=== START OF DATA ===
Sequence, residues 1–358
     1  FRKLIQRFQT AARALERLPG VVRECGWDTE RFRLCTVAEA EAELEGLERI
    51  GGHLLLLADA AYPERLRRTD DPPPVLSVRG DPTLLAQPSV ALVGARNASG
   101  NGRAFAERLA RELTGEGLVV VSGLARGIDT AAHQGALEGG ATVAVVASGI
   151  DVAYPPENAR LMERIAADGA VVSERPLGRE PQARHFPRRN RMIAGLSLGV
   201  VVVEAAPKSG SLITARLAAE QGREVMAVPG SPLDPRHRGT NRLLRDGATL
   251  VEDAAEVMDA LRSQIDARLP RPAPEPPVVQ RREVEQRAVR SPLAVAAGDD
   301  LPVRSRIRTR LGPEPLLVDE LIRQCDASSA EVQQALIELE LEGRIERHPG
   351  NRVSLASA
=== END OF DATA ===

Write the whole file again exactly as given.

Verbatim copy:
Sequence, residues 1–358
     1  FRKLIQRFQT AARALERLPG VVRECGWDTE RFRLCTVAEA EAELEGLERI
    51  GGHLLLLADA AYPERLRRTD DPPPVLSVRG DPTLLAQPSV ALVGARNASG
   101  NGRAFAERLA RELTGEGLVV VSGLARGIDT AAHQGALEGG ATVAVVASGI
   151  DVAYPPENAR LMERIAADGA VVSERPLGRE PQARHFPRRN RMIAGLSLGV
   201  VVVEAAPKSG SLITARLAAE QGREVMAVPG SPLDPRHRGT NRLLRDGATL
   251  VEDAAEVMDA LRSQIDARLP RPAPEPPVVQ RREVEQRAVR SPLAVAAGDD
   301  LPVRSRIRTR LGPEPLLVDE LIRQCDASSA EVQQALIELE LEGRIERHPG
   351  NRVSLASA